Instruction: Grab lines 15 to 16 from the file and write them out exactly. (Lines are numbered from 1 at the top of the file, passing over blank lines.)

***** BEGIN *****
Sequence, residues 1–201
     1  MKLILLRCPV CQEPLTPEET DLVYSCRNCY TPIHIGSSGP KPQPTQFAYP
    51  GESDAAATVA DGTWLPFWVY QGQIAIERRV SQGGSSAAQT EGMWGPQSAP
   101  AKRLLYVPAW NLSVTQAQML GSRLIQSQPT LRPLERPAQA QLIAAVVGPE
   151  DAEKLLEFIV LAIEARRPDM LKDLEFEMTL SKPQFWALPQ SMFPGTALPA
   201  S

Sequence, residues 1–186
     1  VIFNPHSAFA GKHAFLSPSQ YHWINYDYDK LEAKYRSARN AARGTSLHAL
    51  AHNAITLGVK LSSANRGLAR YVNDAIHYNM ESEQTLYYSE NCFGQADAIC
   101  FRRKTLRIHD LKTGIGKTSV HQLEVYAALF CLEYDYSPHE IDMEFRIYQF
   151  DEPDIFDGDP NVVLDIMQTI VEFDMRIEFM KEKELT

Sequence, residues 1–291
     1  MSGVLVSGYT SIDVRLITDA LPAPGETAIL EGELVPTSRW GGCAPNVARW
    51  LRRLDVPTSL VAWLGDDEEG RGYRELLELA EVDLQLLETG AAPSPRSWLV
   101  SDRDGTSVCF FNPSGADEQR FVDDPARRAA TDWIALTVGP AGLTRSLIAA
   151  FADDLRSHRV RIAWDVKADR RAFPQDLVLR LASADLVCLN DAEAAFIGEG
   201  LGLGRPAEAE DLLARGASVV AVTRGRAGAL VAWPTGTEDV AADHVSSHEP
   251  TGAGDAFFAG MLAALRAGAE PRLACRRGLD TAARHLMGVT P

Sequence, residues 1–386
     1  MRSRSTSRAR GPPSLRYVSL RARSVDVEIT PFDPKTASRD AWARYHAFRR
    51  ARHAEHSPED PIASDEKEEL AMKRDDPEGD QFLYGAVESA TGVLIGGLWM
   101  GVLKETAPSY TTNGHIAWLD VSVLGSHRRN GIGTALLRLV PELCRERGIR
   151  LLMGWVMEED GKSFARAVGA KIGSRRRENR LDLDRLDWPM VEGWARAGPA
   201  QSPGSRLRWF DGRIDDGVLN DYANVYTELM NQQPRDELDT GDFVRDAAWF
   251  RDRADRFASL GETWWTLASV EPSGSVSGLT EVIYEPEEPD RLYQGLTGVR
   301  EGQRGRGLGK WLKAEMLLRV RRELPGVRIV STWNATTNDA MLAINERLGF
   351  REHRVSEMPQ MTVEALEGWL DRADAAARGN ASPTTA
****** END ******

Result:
   101  SDRDGTSVCF FNPSGADEQR FVDDPARRAA TDWIALTVGP AGLTRSLIAA
   151  FADDLRSHRV RIAWDVKADR RAFPQDLVLR LASADLVCLN DAEAAFIGEG